To prevent or remedy this, having a quiet environment can be essential. Yet when we’re with others (especially those who aren’t HSPs), they may not understand this, resulting in us feeling pressured to talk. 

However, with animals, there is no pressure to talk. The silence is never awkward. You can sit on the couch, just cuddling and enjoying each other’s company. As a result, you’ll feel your sensitive nervous system destimulate.

2. When you do need to talk, animals are good listeners. 

Sometimes, we just need someone to listen. Yet, as alluded to before, this can be difficult for HSPs, due to the fear of burdening others or feeling misunderstood by those who we are hoping will support us during our time of need. 

In my experience, animals are some of the best listeners there are. They are kind, attentive, and don’t interrupt (like so many people do). Neither do they judge, nor offer their unsolicited advice (when what you really need is to know that somebody hears you). 

Usually, we HSPs are known for our excellent listening skills. So it’s nice to be on the receiving end of things when we’re with animals. 

3. Animals provide plenty of laughter.

As highly sensitive people, we are both deep feelers as well as deep thinkers. This means that we are more likely to be stuck in our own head, making it difficult to “look on the bright side” and “stop taking everything so seriously.” And while being deep feelers and thinkers can contribute to our HSP strengths, like compassion and creativity, if we stay in our heads for too long, this can also negatively impact our mental health.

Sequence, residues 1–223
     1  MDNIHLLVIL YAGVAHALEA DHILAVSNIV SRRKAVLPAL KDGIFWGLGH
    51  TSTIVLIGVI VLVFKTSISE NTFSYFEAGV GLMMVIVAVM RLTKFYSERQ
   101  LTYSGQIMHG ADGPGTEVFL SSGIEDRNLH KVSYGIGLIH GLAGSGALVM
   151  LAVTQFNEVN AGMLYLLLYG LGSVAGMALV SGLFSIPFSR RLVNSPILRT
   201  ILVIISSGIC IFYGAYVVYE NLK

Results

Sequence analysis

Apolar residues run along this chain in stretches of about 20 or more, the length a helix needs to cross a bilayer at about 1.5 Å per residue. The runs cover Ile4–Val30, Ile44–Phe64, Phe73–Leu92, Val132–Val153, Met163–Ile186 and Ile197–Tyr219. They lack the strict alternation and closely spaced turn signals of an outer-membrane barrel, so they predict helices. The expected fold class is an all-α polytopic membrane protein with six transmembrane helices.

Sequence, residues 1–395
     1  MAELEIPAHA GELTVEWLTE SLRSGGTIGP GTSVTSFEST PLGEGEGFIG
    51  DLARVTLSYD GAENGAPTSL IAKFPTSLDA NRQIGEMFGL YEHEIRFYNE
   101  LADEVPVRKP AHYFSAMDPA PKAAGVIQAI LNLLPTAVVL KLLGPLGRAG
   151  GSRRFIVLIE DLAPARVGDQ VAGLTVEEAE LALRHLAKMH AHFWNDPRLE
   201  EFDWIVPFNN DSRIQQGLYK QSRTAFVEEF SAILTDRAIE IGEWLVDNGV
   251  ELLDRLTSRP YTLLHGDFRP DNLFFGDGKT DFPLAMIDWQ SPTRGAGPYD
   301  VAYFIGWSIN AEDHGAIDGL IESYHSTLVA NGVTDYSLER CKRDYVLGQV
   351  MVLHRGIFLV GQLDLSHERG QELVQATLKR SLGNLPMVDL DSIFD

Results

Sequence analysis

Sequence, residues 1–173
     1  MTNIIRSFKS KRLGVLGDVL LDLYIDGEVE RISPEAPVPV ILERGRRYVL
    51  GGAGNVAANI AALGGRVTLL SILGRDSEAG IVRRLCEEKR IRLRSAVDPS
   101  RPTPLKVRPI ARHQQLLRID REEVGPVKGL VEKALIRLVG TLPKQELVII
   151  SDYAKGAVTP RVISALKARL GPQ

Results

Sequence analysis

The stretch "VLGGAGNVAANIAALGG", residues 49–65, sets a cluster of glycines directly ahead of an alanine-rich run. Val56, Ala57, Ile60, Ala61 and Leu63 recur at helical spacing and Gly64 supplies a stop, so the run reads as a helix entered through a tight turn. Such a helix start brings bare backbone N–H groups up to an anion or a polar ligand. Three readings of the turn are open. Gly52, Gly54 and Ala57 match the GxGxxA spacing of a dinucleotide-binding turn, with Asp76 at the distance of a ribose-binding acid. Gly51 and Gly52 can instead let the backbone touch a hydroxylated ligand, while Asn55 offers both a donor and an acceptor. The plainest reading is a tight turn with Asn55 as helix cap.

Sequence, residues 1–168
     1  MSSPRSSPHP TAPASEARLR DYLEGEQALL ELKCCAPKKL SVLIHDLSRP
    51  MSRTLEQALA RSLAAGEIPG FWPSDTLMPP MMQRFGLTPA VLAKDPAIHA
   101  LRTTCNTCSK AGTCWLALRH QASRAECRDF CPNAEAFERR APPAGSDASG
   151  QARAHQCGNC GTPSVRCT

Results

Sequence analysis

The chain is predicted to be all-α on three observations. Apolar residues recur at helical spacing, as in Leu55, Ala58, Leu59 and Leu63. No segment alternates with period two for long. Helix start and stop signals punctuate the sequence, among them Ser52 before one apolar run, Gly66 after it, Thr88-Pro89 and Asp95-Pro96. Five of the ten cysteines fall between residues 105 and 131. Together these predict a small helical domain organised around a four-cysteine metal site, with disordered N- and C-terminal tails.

Laughter is a perfect remedy for this, as it reminds us of the joys in life and gets us out of our head for a while. Anyone who has owned a pet — or spent more than five minutes watching animals on YouTube — knows that they are a terrific source of laughter. 

I know for myself personally, my dog is the biggest source of laughter in my life. At least a few times per day, I find myself laughing at her antics, from the goofy way she plays with her toys to her uncontrollable excitement for our daily walks to other little quirks she has. If laughter is the best medicine, then animals are the pharmacy that we should all be visiting.

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4. They help you “play” and get in touch with your inner child.

Children are innately drawn to animals. There is something about being in that innocent stage of life that makes animals so alluring. (See? There’s a reason why children want to bring home all the animals.)

Due to this, when we interact with animals, it helps us connect to our inner child. As HSPs, this can be an important step in healing childhood wounds, as this is usually around the time when we start to internalize messages that our sensitivity is “wrong.”